Many countries, including Kazakhstan, struggle to accept mental well-being as part of a person’s overall health. Many often view mental health disorders with suspicion, and those suffering can become outcasts from their communities and society. Changing the view of mental health in Kazakhstan is difficult, but more important than ever.
In partnership with international organizations, the government of Kazakhstan is fighting to make that change and ensure that mental health treatment is more easily available to everyone. Addressing mental health is critical to addressing poverty as each social crisis feeds and strengthens the other. An article that two psychologists published in the BJ Psych Bulletin emphasizes this connection. “We highlight how mental health problems are related directly to poverty, which in turn underlies wider health inequalities,” authors Lee Knifton and Greig Inglis say.
Imperialism and Mental Health Impacts
The way that some have addressed mental health historically is partly due to long-standing beliefs about mental health — some recognized mental health disorders as a problem in traditional religious practices, where people often attributed suffering to demons or evil spirits. There is also Kazakhstan’s experience with foreign rule. Both Imperial Russia and the Soviet Union actively worked to delegitimize traditional folk religions and healing practices, and import new forms of health care.
“The Kazakh shaman’s figure epitomized the wildness and backwardness of the native population. His healing methods were usually presented as ‘tricks’, ineffective and harmful,” one researcher, anthropologist Danuta Penkala-Gaweka, reported in the journal Central Asian Survey. These beliefs were central to Kazakh cultural identity. Ultimately, this suppression led to a backlash. Practices that some associated with former imperial powers were often regarded with suspicion. This included clinical mental health counseling and psychiatric services. In part due to the stigma, accessing services became increasingly difficult.
Difficulty in access, poorly trained practitioners and social stigma left many sufferers without treatment. Unfortunately, while it is difficult to quantify, the number of people needing support was growing. The Guardian reported the mental health impact of a falling economy, particularly on men. “Psychologists say the economic downturn has proven particularly traumatic for men who are under significant pressure to provide for their families in what is still a heavily patriarchal society,” according to the Guardian. One woman she interviewed said “Our men are embarrassed to talk about problems. While for a [Kazakh] woman the problem is avoiding being abandoned by her husband, for a man the problem is how to support his family.”
In an interview with the World Health Organization (WHO), Dr. Nikolay Negev, a mental health consultant with the organization, explains the real consequences of untreated mental health problems and stigma: “We had several cases where we weren’t allowed to assist or treat, and a patient would die by suicide.” Even those who wanted treatment had difficulty getting it. A report that the Mental Health Atlas 2020 published put the impact into real numbers. According to the United Nations, there are 18,551,428 people living in Kazakhstan. For every 100,000 citizens, there are only 24.13 mental health professionals available. Only 2.86 of those professionals specialized in treating children or adolescents. The numbers look dire, but recent developments point to a real cause for hope.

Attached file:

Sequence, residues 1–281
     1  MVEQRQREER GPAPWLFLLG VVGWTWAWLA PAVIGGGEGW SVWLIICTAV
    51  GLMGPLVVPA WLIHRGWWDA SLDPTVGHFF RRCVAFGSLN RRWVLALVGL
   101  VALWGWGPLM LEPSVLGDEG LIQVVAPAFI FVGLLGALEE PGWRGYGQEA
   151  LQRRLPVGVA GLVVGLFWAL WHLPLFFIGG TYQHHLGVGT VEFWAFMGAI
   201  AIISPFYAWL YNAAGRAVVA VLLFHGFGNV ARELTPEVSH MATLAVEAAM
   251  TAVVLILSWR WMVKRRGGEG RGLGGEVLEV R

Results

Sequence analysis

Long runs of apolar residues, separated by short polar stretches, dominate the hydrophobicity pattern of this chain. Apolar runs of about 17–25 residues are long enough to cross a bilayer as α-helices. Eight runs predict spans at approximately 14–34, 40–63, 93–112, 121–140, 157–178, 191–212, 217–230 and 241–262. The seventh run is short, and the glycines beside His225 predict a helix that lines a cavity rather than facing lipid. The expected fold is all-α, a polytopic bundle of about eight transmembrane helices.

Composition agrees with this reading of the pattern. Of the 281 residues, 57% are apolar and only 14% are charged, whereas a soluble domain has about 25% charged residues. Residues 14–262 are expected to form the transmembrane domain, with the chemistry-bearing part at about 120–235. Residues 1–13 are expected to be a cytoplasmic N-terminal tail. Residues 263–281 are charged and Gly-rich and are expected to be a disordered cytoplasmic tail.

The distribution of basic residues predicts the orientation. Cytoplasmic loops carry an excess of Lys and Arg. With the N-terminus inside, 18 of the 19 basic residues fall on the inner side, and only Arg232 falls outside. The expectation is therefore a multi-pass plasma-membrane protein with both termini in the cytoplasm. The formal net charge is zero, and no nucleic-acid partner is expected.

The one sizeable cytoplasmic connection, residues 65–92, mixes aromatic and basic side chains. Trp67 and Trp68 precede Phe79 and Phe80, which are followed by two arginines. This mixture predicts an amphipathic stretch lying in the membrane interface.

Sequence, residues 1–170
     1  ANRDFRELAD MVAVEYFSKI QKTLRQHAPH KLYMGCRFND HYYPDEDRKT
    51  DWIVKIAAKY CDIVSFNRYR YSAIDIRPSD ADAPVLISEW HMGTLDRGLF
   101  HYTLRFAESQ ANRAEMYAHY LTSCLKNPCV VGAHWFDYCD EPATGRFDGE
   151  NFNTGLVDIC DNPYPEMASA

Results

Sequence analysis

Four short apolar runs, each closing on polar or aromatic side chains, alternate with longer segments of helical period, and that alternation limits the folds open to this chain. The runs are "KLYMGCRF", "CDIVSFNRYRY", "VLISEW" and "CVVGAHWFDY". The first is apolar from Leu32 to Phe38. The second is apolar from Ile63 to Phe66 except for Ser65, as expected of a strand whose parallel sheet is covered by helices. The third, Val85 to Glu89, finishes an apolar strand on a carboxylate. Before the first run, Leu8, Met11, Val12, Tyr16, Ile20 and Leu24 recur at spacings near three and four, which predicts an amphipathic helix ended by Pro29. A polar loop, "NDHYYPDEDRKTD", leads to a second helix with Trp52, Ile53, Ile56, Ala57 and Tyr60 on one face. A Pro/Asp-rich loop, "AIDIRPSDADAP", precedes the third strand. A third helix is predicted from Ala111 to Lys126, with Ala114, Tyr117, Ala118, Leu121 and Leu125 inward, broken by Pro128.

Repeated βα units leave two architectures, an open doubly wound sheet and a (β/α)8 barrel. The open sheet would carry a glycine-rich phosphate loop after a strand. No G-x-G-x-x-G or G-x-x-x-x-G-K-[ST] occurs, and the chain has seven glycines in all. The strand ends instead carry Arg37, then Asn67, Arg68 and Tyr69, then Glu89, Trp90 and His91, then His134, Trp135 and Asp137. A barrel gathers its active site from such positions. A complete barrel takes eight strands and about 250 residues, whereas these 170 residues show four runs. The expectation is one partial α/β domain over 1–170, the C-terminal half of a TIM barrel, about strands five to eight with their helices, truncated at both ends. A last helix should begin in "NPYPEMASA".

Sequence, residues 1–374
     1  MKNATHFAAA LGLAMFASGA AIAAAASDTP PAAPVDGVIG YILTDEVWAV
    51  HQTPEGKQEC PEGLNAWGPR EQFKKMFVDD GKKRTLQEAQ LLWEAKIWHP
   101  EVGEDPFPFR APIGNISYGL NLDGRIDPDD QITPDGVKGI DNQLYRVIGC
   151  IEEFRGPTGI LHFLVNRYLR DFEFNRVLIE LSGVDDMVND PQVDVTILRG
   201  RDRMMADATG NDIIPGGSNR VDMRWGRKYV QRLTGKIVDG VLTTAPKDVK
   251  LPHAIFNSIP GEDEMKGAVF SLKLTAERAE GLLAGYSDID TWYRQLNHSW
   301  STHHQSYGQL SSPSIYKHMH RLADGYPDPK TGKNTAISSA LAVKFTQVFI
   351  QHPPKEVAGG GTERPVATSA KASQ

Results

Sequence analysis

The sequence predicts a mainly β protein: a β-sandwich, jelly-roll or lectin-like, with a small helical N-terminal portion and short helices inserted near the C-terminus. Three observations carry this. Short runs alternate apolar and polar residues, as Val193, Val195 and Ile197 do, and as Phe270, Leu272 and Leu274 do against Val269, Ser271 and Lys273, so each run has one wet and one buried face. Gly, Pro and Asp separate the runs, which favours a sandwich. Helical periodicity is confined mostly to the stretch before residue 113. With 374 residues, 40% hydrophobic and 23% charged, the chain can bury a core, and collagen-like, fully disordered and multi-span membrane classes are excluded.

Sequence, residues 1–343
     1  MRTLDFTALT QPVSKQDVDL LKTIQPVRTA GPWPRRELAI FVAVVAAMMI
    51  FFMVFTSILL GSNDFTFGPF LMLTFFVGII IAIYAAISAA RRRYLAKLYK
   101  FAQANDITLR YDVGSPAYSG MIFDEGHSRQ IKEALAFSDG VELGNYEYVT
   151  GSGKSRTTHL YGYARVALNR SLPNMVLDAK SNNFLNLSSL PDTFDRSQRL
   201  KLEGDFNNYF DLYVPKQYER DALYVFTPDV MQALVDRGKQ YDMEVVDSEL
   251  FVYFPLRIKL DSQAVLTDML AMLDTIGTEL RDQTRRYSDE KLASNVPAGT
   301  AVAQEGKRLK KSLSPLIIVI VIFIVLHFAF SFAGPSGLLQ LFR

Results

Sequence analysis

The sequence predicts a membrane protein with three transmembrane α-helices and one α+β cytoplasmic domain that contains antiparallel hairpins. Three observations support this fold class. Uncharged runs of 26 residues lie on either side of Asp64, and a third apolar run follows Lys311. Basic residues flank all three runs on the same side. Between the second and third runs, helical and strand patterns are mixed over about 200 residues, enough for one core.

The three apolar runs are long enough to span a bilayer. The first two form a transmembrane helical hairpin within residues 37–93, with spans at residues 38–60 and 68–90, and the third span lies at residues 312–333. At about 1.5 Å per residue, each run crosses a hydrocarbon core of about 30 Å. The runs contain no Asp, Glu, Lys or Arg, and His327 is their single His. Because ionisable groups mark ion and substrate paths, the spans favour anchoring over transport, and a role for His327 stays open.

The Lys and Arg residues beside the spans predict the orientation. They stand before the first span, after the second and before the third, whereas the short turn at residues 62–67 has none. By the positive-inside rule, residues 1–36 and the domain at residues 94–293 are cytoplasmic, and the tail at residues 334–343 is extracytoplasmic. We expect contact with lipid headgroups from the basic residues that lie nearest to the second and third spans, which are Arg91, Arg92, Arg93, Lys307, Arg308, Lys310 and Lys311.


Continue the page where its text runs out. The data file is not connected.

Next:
Despite their low numbers, mental health professionals in Kazakhstan are working hard at overcoming the suspicion associated with treatment. After the government partnered with UNICEF and other international organizations to create the AMHSP, or Adolescent Mental Health Promotion and Suicide Prevention Programme, there was a considerable drop in mental health problems among the youth the program reached. “[After the program was introduced, there was a] 36.1% decrease in suicidal ideation among young people, 80.6% decrease in anxiety, 56.1% decrease in depression and 65 per cent decrease in stress,” UNICEF reported in 2021.
The Kazakh government enthusiastically welcomed AMHSP’s success, which increased its funding by 25%. One report emphasized the vicious cycle here but also highlighted reasons for hope. “People are ashamed of going to a psychiatrist, counsellor [sic] or psychologist. But compared to the situation 20 years ago, we can see some changes. Most of the people who understand and want to change resort to them,” one therapist said. She did see room for continued growth, including better education for mental health professionals. “At the same time, I think, too many cases of schizophrenia are diagnosed. I meet patients with dementia regularly, and they have been diagnosed with schizophrenia.”
The fight for access to and treatment for mental health disorders is an ongoing and worldwide challenge. Kazakhstan’s success, however, is a bright light for advocates worldwide. Change can happen, and with continued support, it can flourish.
– Clara Martin